Most people assume that fans of Barbie are only 6-year-old girls, who grow out of the whole doll thing when they reach puberty. But it's just not true! I am still an avid fan of the legendary Barbie. What's not to like? She's beautiful, if not slightly stereotypically so: long blonde hair, big sparkling eyes, perfect skin, enviable figure, stylish clothes...All this and she's also a vet, a teacher, an air hostess, a princess...She's just absolutely perfect isn't she? But is she *too* perfect? Over the years, many have argued that Barbie isn't setting a good example to children, and that she is encouraging eating disorders and general discontentment with themselves. I disagree. There are many reasons why Barbie is a good example for children to follow: 1.She shows that you can be anything you want to be if you try. Ok, so it may be a bit unrealistic that she has had numerous professions in her time, but at least it encourages children to consider their career options carefully. Additionally, The fact that she's a woman quashes any old-fashioned views that women shouldn't work, and also diminishes the old adage of being a 'blonde bimbo'. 2.She is her own woman. Ok, so she has Ken as a boyfriend, but she is both financially and emotionally independent, which is shown through her capability to take on lots of different jobs and roles. 3.The fact that she is not only a movie star and a pop star, but a sister too shows that she also reinforces the typical roles of a woman in life, as well as the more glamorous ones. Barbie has never been a mother-the manufacturers may think it will cause a surge in underage pregnancies-but she has been a sister, and there are numerous play-sets available with Barbie and her little sister Shelly, as well as Barbie babysitting some younger children. Since her launch many many years ago, the wonder of Barbie has snowballed, and is now bigg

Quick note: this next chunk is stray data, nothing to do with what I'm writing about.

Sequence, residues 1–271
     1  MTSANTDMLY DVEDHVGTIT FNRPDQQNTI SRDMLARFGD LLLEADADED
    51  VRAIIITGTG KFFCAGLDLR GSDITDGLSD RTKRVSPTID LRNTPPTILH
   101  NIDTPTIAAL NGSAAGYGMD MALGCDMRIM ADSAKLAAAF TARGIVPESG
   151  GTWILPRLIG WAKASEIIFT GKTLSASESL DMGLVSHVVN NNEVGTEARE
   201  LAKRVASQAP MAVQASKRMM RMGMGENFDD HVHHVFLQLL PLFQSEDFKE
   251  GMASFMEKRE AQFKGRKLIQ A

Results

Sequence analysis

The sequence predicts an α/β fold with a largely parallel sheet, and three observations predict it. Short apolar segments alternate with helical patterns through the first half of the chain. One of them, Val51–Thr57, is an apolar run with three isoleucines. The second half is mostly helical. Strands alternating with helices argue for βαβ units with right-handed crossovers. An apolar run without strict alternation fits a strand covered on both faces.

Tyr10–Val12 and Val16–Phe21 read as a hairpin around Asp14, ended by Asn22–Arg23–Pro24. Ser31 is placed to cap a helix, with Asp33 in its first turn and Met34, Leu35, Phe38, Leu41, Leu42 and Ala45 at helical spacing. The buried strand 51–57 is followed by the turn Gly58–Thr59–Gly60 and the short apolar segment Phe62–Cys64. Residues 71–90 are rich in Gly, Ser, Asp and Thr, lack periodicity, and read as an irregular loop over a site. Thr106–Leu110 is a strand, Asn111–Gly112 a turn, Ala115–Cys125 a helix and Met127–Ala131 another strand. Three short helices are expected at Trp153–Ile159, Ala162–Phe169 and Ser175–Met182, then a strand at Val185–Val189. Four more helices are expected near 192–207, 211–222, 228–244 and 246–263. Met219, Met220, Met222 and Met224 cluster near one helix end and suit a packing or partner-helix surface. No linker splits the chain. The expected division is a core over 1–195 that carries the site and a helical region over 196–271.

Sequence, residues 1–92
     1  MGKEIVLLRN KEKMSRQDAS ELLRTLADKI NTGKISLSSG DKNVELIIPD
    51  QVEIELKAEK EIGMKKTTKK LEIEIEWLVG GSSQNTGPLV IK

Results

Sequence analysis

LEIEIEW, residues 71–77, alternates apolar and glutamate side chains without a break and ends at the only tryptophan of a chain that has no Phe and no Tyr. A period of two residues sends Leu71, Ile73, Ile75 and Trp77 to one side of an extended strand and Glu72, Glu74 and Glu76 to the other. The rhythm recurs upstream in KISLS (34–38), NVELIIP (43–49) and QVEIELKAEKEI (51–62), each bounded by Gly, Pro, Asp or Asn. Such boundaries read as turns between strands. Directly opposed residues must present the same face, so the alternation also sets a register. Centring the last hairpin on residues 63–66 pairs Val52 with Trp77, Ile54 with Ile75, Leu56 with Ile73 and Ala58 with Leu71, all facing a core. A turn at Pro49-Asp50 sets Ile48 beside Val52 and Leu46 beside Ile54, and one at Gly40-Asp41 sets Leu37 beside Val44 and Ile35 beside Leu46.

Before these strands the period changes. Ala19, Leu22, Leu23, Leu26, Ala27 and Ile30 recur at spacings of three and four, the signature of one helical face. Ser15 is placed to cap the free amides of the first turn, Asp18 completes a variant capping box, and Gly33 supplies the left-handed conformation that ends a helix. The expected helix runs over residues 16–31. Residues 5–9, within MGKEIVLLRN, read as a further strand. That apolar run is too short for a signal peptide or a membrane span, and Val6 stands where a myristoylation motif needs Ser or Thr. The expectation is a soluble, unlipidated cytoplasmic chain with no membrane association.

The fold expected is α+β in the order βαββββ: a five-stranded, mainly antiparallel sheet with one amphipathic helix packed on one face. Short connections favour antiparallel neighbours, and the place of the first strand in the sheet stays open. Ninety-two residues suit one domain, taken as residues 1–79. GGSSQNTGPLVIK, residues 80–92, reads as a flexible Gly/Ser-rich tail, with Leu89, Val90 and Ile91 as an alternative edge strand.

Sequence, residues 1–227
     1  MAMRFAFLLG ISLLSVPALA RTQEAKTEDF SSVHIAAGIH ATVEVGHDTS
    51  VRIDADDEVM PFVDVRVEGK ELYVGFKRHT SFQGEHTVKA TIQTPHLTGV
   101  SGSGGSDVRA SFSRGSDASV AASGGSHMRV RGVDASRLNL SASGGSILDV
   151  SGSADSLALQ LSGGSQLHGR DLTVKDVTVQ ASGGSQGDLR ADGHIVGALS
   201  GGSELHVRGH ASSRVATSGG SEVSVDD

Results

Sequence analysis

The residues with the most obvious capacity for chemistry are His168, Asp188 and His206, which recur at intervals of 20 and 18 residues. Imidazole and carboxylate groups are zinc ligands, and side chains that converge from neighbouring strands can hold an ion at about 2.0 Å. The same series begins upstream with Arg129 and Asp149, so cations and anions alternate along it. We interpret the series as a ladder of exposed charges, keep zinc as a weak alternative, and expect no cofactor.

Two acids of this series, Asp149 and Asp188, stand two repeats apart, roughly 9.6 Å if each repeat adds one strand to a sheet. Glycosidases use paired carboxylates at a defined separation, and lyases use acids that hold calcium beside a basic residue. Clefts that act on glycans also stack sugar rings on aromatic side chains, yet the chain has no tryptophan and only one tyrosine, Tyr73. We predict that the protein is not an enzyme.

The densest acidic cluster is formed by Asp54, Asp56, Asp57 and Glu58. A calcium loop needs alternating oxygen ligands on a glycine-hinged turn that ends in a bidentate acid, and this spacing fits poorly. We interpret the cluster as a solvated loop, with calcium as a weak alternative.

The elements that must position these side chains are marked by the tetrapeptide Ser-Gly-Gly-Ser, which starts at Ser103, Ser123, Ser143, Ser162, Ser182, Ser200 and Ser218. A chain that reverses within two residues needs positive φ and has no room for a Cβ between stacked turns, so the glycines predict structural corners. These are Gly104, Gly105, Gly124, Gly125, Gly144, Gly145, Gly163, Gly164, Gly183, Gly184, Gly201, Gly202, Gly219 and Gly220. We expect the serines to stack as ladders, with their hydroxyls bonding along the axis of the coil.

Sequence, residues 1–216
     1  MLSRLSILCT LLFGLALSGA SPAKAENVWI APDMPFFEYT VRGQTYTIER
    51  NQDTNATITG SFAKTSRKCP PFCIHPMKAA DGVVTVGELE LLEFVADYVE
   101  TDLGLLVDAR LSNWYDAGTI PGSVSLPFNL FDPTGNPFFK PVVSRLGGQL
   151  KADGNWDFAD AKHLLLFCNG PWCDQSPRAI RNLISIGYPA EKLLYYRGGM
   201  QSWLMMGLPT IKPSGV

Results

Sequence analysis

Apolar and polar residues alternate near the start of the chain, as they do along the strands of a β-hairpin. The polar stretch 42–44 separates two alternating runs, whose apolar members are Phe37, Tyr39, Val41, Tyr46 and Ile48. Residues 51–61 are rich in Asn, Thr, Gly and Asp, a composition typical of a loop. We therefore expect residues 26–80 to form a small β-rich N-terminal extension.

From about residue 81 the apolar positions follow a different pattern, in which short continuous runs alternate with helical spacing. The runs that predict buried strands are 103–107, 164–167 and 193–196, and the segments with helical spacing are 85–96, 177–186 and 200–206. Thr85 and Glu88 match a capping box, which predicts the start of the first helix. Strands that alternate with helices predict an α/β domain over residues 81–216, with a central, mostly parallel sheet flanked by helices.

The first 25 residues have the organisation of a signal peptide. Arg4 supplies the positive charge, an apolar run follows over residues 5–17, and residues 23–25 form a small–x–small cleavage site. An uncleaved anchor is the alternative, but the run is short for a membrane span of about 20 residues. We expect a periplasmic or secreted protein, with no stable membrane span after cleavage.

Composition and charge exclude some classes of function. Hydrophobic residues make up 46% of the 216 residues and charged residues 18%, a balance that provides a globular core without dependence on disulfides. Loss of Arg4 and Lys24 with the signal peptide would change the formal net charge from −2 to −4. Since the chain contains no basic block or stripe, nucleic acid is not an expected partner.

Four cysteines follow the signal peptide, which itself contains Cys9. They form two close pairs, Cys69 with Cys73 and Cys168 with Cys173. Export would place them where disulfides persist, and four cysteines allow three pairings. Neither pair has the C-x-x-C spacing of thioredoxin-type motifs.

er and better than ever. As well as the dolls, there are numerous accessories to buy, including cars, houses and additional outfits. Technology has also intervened with the phenomenon, with a website up and running (more about that later), and a range of computer and electronic games available. Barbie has successfully made the transition from the 20th to the 21st century. Many think she is old-fashioned. Many think that children have simply grown out of playing with traditional toys like dolls, and would rather play with computers and other technological developments. Mattel, Barbie's manufacturer, has created a synthesis between old and new, which still makes Barbie the must-have present for millions of girls today. Advances have also been made in the political-correctness of the doll. As well as blonde Barbie, new dolls have been introduced: Oriental Lea, black Christie and brunette Teresa. I think this is excellent- Barbie now appeals to a lot more people, of all different countries and cultures, rather than just focusing on the all-American sweetheart. In addition, there are a number of male dolls available-including good old Ken-and little sister Shelly. Now on to the website. It really is a fantastic addition to the ever-expanding business, and has numerous features: *Games* There's lots to choose from, including Barbie Puzzle (a jigsaw), Shoe Hunt (name says it all really!) and sub-section Fashion Fun where there are 2 activities: Barbie's Closet (where you dress either Barbie, Christie, Lea or Teresa for a special occasion) and Princess Dress-Up (where you dress Barbie up as a princess, choosing from a range of options). *General fun stuff* Sub-section Barbie Loves Art has 4 activities: Barbie as Rapunzel (which opens another menu all about her upcoming movie), Colour With Shelly (which is basically a colouring-book style exercise), Barbie Pix (where you can produce different